Are react's lifecycle method autobound? If not should we be binding them with .bind(this)?

I think the title is pretty self-descriptive.

I’ve building react components using the class notation, and I noticed that while handleSomething has to be manually bound to this, render and componentWillMount do not. Are method bound to this already? Is it ok to bind manually for notationally consistency’s sake?

Here is Solutions:

We have many solutions to this problem, But we recommend you to use the first solution because it is tested & true solution that will 100% work for you.

Solution 1

Understanding of ‘this’ in JavaScript

The ‘this’ keyword in a function is determined by the executing scope of the function. For example, the this in someFunction when calling with obj.someFunction() will be obj.

A more concrete example:

function handleClick() {

var state = { value: 1 }; // declare a var in window
handleClick(); // Logged 1. The 'this' in the method will be window, because the method is called in window

var obj = {
  state: { value: 2 },
  handleClick: function() {
obj.handleClick(); // Logged 2. The 'this' is referred to obj because the method is called in obj.

// let's reassign the function to a temp var in window
var temp = obj.handleClick;
temp(); // Logged 1. The 'this' in the function is referred to window because the method is called in window.
window.temp(); // this is equal to the one above.

temp.bind(obj)(); // Logged 2. Bind the method and call the method, so the 'this' in the function is referred to obj.

temp.bind(this)(); // Logged 1. Since this in the executing scope is window. This effectively is the same calling in this.

temp.bind(window)(); // Logged 1. This is equal to the one above.

Try it here:

A blog post about this:

Back to your question

If you look at render, componentWillMount, and handleSomething you defined in your class, it will become apparent why you need to bind your handler to this.


// Rerender
ReactCurrentOwner.current = workInProgress;
var nextChildren = void 0;
  nextChildren = instance.render();
  if (debugRenderPhaseSideEffects) {

This is how react call redner(), where the instance is the object instance that has state, props, etc. You can try it very easily by putting a breakpoint in your render method and go back a call stack.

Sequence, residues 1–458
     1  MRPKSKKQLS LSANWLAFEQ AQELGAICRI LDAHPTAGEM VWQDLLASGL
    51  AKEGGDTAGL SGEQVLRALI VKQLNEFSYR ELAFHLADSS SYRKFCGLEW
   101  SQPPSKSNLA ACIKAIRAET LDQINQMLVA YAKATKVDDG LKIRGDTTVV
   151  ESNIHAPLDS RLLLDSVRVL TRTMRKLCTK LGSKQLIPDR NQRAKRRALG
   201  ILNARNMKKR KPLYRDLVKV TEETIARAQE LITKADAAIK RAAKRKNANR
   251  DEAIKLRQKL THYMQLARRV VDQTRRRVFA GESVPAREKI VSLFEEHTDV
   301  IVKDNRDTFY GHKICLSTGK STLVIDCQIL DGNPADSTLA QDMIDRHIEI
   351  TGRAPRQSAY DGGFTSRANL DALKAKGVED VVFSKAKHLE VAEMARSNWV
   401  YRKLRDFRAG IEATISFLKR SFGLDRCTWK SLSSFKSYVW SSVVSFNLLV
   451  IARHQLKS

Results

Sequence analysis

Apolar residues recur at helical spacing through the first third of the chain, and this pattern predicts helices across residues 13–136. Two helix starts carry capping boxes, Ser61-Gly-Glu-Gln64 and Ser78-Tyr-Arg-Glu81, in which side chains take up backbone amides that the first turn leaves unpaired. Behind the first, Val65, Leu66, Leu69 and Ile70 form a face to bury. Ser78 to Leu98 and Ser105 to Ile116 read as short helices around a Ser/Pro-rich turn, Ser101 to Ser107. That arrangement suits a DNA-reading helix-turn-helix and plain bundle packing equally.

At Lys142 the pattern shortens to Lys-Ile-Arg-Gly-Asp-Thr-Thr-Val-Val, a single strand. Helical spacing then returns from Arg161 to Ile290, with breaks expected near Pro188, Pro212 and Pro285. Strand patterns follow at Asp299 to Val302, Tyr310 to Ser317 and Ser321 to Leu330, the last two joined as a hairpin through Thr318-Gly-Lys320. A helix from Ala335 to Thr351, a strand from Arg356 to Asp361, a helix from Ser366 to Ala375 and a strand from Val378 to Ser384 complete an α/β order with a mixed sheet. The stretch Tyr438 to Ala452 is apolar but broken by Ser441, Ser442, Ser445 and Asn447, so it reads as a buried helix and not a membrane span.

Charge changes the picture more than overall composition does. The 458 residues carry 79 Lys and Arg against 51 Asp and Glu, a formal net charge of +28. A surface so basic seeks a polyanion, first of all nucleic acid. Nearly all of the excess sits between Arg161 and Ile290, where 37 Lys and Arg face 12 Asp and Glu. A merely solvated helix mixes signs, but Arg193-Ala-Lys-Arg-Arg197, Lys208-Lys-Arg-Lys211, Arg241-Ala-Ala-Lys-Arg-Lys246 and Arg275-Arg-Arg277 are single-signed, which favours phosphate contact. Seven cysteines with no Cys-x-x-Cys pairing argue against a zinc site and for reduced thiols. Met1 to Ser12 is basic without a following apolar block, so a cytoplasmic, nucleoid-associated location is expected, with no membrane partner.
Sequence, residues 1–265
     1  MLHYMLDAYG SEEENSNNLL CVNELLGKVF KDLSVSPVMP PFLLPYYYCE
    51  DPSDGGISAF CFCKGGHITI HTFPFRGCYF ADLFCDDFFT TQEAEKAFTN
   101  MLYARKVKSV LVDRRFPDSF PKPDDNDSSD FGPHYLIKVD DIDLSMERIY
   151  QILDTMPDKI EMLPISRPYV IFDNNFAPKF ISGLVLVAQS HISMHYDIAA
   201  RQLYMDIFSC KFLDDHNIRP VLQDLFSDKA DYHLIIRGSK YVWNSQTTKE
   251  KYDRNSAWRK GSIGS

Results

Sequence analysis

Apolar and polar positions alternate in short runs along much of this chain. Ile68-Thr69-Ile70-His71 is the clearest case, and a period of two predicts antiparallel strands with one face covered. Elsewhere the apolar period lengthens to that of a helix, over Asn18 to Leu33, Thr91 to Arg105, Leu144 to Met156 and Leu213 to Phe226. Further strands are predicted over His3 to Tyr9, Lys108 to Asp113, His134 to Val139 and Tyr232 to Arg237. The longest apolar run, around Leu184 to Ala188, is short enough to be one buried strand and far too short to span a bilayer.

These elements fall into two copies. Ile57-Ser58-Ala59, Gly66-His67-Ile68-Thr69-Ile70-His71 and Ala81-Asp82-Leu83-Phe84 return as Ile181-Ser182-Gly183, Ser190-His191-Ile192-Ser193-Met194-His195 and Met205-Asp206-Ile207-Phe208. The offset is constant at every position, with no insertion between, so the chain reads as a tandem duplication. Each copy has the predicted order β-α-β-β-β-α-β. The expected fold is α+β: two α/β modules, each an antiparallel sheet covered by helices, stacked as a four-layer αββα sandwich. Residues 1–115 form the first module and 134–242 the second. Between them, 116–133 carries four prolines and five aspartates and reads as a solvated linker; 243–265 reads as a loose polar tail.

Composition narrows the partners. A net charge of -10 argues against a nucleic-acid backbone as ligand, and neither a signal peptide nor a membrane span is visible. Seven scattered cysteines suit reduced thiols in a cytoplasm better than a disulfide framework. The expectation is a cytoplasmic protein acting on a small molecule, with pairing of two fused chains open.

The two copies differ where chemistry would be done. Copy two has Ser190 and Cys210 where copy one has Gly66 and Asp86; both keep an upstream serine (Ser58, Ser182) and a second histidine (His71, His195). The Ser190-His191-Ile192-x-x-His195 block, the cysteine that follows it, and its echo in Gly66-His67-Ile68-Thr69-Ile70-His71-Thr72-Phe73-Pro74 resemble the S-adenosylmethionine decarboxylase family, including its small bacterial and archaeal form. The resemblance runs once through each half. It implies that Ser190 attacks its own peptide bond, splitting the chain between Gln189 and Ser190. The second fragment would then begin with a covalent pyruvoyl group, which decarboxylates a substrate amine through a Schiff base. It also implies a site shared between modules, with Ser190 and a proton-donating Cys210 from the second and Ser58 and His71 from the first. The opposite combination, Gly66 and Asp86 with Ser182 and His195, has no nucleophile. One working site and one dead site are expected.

For example, if you define your class like this, with handleSomething as the onClick callback method of the button.

class Button extends Component {
  handleSomething() {
    // 'this' will be undefined.

  render() {
    return (<button onClick={this.handleSomething}>Test</button>);

If you click the button, this is how react calls the onClick handler method.

  function callCallback() {
    fakeNode.removeEventListener(evtType, callCallback, false);
    // This is where react calls your method.
    func.apply(context, funcArgs);
    didError = false;

where func is handleSomething, and context is usually undefined in my debugging experience, and funcArgs is the arguments that being passed in the function.

apply is similar to bind. The first argument is used to specify the this of the function, and the second argument is an array of parameters to pass into the function.

See MDN for more information about apply:

In this case, the method handleSomething is being called with undefined as this; Therefore, if you didn’t bind the method, your this will be undefined.

I noticed that while handleSomething has to be manually bound to this,
render and componentWillMount do not. Are method bound to this

They are called with the instance of your class, so they already have this as your instance without using bind. I guess you can kind of say it’s already bound to this.

Is it ok to bind manually for notationally consistency’s sake?

You don’t need to bind this with react’s lifecycle methods. If you really want to, I guess you can bind those methods to this as well (there might be some side effects that I don’t know, since I didn’t really look that deeply into their source), but this is like doing obj.handleClick.bind(obj)(); instead of obj.handleClick();. It is unnecessary and will spend some clock cycles doing something that’s not needed.

Note: Use and implement solution 1 because this method fully tested our system.
Thank you 🙂

All methods was sourced from or, is licensed under cc by-sa 2.5, cc by-sa 3.0 and cc by-sa 4.0

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